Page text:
About 35 people, mostly professors, students and a few clergymen, were at a celebration in Glendon’s York Hall to launch the site. Perin, who shares with Scardellato an interest in immigrant history, highlighted a half-dozen or so of the 240 places of worship they chronicled.

York grads’ work on interactive Web site generates international acclaim

From the fruit stands of Kensington Market, Xenophile Media founders Thomas Wallner (BFA ’91) and Patrick Crowe (BFA ’90) jetted to Cannes in April to pick up the award for their pioneering multimedia work on the television science fiction series “ReGenesis” – which combined interactivity to a degree never before seen in a TV series, wrote the Toronto Star June 18.

"You can’t just expect people to watch a show on Sunday and then come back again next week – the TV universe is too fragmented – you need to bring them into a more immersive world, so they will follow along with you," says Wallner, 40, co-founder and president of Xenophile Media in Toronto.

Wallner and Crowe met while studying film in York’s Faculty of Fine Arts. The two come from a traditional filmmaking background, but decided to take a chance in 2001 by starting their own production company looking at new media.

Jackets abuzz over new GM

New team general manager Scott Howson (BA ’87, LLB ’90) says he understands the frustration felt by fans of the Columbus Blue Jackets, whose first six seasons in the NHL have been losers, wrote the Kingston Whig-Standard June 16. "Every fan wants hope and that’s what we’re going to provide them. I think we’re headed in the right direction," said Howson, the former Kingston Canadians star who was formally introduced yesterday as the club’s new GM. "I have one simple goal: To build a championship team that consistently performs at the highest level," Howson said.

  • Howson will be on the stage at the Nationwide Arena in Columbus next Friday night posing for a picture with his Blue Jackets’ first draft pick while their fired GM Doug MacLean is in the building as a talking head for TSN, wrote The Edmonton Journal June 16.

That could be as uncomfortable as being at your ex girlfriend’s wedding for MacLean, but what’s also interesting is Howson will be sitting at the Columbus draft table, just 10 days after the former Edmonton Oilers assistant GM sat through intensive meetings with the Oilers scouts about what kids they have their eyes on draft day.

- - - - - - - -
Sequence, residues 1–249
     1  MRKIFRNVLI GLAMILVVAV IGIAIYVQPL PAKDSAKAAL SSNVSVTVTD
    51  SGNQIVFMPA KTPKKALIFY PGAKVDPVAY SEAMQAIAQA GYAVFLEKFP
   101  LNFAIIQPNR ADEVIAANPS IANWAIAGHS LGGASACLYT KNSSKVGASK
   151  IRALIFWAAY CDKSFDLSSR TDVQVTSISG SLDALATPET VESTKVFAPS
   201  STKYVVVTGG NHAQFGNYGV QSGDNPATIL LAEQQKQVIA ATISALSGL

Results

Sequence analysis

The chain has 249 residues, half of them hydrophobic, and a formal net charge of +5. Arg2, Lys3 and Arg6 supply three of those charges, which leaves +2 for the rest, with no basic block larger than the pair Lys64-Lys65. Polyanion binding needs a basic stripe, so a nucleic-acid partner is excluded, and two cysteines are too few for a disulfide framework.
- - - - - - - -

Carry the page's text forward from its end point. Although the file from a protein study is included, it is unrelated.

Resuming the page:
Howson, who only got into 18 NHL games with the Islanders because they were so deep at centre in the ’80s, quit playing and graduated from York’s Osgoode Hall Law School in 1990.

He was a practising lawyer until one day in 1994, he got up the nerve to write Edmonton Oilers GM Glen Sather to ask for a job, when there was an opening to run their farm team in Cape Breton. "I really had no interest in getting into hockey management when I quit playing and became a lawyer, but my passion for hockey got rekindled," said Howson.

Make way for the CEOs of summer

Lolly Herman (BA ’05, BEd ’06), owner of Under the Umbrella Tree Educational Services, Inc., was bitten by the entrepreneurial bug at her first job with a Toronto child-development centre, wrote The Globe and Mail June 16. "I wasn’t happy with the services they were providing, and that’s when I decided to branch out on my own, start my own school for autistic children and others with related disorders," she says.

At first, the York University grad was just providing weekend sessions in a strip mall on Sheppard Avenue near Bathurst, which included behavioural classes and tutoring for clients two to 18 years old. But one day a parent said to her, "You are making my son talk. I am coming back with him on Monday." Herman protested, but the dad’s desperation was so great that he just showed up. "He came with his kid, and my dad called me to come over and get him. That’s how I went full-time."

Alan Clarke steered Canada’s answer to the Peace Corps through rough water

Over the years, Alan Martin Clarke fought for many causes, both as an employee and as a citizen volunteer, wrote The Globe and Mail in an obituary June 16. Early in his career, he played a key role in the establishment of Toronto’s York University.

He first came to national prominence in the 1960s as head of the beleaguered Company of Young Canadians (CYC), [from which he eventually resigned after being forced to fire a person accused of separatist leanings], wrote the Globe.

He was employed during his university years, and immediately after, by the YMCA. In 1958, while serving as founder and first director of the Centre for Adult Education at the YMCA’s North Toronto branch, he was a member of the group that set up York University. York recognized his contribution in 1992 by awarding him an honorary degree.

On air

  • Bernie Wolf, economics professor in York’s Schulich School of Business, spoke about foreign ownership of Canadian companies on BNN-TV’s “Market Morning” June 18.